“Is there anyone who has any questions about underage females?” Not the typical way for the leader of a G8 nation to begin a formal news conference. But this is Italy in the age of Silvio Berlusconi, the land of a flamboyant billionaire Prime Minister whose ambiguous relationship with an 18-year-old aspiring showgirl have dominated public debate for most of the month of may. Welcome to springtime in Berlusconistan.
The Prime Minister rules over this reality-show republic by virtue of his political persistence and surprising popularity ; with his control of the airwaves ; and perhaps most intriguingly, with his ability to transform his personal whims into a disturbingly entertaining public discourse in a democracy of 58 million people. But his critics and they do manage to get airtime in Berlusconistan believe that the 72-year old master manipulator may have triggered a news cycle that could actually lead to his political demise.
First, his furious wife Veronica Lario accused him of frequenting “underage females,” specifically a leggy blonde from Naples named Noemi Letizia, after local papers revealed last month that Berlusconi had attended the girl’s 18th birthday party and showered her with expensive gifts. Two days after the aggrieved spouse made the charge, she asked for a divorce. The Prime Minister stated publicly that he’d only known Letizia through her parents and the father declared his daughter “chaste,” saying Berlusconi was an acquaintance he had made through local politicians. But the center-left daily La Repubblica and opposition leader Dario Franceschini have hammered away at inconsistencies in the Prime Minister’s accounting of the relationship with the family. Then on Thursday, Berlusconi broke a long silence about the nature of his relationship with the teenager.
Amidst the nervous laughter of his aides and reporters, Berlusconi, a Cheshire cat grin widening across his face, brought up the question himself about le minorenni following the weekly meeting of the Council of Ministers in Rome. No, he insisted, there was nothing piccante , or “more than piccante” in his encounters with anyone underage, and he’d sworn so on the heads of his own children. Berlusconi insisted that he would have “resigned immediately” if he had been guilty of any of the aforementioned spiciness with someone under the age of consent. That, he said, was all he would say on the matter. Which only kicked up more controversy.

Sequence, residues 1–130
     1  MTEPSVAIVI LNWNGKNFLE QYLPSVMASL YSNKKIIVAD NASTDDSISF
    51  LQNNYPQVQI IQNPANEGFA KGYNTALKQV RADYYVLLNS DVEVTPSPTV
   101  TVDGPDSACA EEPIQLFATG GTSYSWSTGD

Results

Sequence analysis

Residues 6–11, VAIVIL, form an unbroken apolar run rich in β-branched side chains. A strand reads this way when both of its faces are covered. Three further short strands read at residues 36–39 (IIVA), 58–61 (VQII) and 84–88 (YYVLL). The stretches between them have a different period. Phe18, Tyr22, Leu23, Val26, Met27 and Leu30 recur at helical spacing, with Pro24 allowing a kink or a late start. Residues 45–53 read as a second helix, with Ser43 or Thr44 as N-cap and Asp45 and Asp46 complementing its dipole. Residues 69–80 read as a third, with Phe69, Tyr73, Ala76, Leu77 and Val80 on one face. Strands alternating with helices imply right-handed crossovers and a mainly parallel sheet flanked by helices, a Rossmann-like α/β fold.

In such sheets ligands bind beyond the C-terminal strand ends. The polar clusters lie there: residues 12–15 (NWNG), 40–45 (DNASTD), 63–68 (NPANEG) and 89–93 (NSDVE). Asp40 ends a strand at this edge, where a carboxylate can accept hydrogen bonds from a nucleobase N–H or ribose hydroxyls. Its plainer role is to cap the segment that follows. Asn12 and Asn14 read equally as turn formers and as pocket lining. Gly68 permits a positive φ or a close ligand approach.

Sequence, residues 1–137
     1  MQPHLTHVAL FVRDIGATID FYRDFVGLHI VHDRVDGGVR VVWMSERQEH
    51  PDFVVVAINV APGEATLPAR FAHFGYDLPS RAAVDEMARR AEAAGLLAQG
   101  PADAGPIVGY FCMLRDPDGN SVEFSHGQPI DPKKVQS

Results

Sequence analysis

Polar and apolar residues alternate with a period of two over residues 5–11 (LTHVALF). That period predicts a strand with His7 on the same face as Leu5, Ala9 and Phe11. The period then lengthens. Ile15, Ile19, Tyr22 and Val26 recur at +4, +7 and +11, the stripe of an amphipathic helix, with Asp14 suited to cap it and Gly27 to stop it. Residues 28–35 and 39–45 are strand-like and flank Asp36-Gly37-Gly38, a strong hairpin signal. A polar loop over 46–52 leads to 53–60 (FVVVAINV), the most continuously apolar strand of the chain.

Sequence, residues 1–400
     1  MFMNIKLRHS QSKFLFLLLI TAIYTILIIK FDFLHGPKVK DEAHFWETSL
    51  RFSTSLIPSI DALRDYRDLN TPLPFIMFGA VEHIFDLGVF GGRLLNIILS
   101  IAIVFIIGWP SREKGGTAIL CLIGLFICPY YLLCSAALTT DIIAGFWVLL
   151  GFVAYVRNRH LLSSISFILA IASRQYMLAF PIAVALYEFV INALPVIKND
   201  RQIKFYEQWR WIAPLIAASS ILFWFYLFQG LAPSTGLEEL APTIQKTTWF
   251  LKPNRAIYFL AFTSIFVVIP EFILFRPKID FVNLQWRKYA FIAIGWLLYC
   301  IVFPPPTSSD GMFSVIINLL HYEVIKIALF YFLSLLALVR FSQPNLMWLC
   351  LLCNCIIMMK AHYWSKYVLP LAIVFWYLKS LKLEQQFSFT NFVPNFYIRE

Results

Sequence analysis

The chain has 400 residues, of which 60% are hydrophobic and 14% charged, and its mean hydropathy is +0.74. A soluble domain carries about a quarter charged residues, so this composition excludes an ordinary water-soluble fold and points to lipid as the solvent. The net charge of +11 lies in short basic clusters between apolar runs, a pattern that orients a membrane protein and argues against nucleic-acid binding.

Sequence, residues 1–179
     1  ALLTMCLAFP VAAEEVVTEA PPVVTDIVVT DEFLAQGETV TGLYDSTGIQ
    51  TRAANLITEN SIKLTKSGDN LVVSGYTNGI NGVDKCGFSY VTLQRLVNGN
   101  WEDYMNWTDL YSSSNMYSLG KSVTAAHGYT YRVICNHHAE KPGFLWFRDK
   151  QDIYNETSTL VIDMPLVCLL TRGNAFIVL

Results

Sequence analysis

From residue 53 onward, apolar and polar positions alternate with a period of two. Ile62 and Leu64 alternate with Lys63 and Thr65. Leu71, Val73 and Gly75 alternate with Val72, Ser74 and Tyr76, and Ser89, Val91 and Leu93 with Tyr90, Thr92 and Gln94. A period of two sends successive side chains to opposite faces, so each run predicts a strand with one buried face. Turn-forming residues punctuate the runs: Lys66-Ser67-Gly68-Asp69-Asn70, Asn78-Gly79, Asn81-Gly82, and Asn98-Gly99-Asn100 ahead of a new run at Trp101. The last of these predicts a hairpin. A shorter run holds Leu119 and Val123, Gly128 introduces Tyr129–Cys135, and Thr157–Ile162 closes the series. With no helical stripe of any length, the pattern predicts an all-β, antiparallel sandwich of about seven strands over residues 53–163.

Some journalists say this could be the Berlusconi equivalent of Bill Clinton’s “I did not have sexual relations with that woman” moment a fact-checking challenge to investigators throughout Berlusconistan and a spur to even more debate and speculation about the Prime Minister’s private life. But at the same time, the potential for scandal may just help Berlusconi keep his popularity high by giving him center stage in a public arena that ever more resembles the Jerry Springer Show .
“Berlusconismo” is the term used by those attempting to understand the phenomenon of how a man with an emperor’s instincts and appetites is also the longest serving democratic leader in the West. He uses international diplomacy to practice his best and worst one-liners; he flaunts his wealth and insults the many magistrates who persistently investigate his business dealings; and, as of late, he has boasted of his Casanova charms, publicly swooning over a former-show-girl turned politician Mara Carfagna, whom he appointed his Minister of Equal Opportunity last year.
Whenever Berlusconi reaches a new high or low I make a point of checking with veteran La Repubblica columnist Filippo Ceccarelli. “Even if you think he’s an SOB,” says Ceccarelli, “an SOB creates attraction, popularity. There’s a reason people go to see movies about figures like him. When the electorate is really just an audience, he continues to be No. 1.”
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